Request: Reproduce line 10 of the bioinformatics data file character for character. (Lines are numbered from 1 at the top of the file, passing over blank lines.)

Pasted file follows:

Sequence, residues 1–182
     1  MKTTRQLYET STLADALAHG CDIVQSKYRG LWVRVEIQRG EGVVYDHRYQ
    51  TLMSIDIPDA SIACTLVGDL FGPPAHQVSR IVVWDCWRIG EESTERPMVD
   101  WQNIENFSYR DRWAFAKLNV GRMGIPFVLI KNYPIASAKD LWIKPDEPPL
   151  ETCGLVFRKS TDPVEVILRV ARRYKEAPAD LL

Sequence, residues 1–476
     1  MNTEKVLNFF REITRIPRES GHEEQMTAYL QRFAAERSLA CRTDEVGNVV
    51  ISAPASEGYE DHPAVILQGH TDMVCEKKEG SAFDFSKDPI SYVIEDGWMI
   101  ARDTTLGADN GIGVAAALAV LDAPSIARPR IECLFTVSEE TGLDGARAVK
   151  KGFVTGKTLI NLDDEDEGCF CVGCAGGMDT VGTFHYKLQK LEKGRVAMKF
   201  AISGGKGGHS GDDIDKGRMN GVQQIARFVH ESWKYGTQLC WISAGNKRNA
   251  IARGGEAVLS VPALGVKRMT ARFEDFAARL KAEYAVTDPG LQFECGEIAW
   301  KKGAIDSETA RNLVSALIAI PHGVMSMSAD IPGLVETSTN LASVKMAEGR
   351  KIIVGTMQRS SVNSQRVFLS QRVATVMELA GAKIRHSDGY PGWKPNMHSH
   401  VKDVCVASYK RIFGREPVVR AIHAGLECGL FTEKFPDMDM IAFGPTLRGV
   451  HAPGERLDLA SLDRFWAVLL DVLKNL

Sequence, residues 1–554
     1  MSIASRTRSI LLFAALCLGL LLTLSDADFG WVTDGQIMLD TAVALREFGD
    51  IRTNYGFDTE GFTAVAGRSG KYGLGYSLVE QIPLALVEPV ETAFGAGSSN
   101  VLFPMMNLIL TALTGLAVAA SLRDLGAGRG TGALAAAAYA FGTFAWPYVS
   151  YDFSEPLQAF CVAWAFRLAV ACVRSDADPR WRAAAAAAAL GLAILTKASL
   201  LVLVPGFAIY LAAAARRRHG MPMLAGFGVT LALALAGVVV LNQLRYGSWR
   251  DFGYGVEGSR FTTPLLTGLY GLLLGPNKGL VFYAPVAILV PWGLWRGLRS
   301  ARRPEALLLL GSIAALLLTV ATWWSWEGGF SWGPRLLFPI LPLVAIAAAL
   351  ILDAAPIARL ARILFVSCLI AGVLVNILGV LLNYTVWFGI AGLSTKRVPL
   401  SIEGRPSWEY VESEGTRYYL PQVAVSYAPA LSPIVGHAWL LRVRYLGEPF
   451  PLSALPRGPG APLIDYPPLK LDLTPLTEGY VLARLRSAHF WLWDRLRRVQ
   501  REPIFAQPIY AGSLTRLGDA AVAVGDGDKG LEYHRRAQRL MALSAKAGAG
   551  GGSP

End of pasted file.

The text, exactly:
   151  KGFVTGKTLI NLDDEDEGCF CVGCAGGMDT VGTFHYKLQK LEKGRVAMKF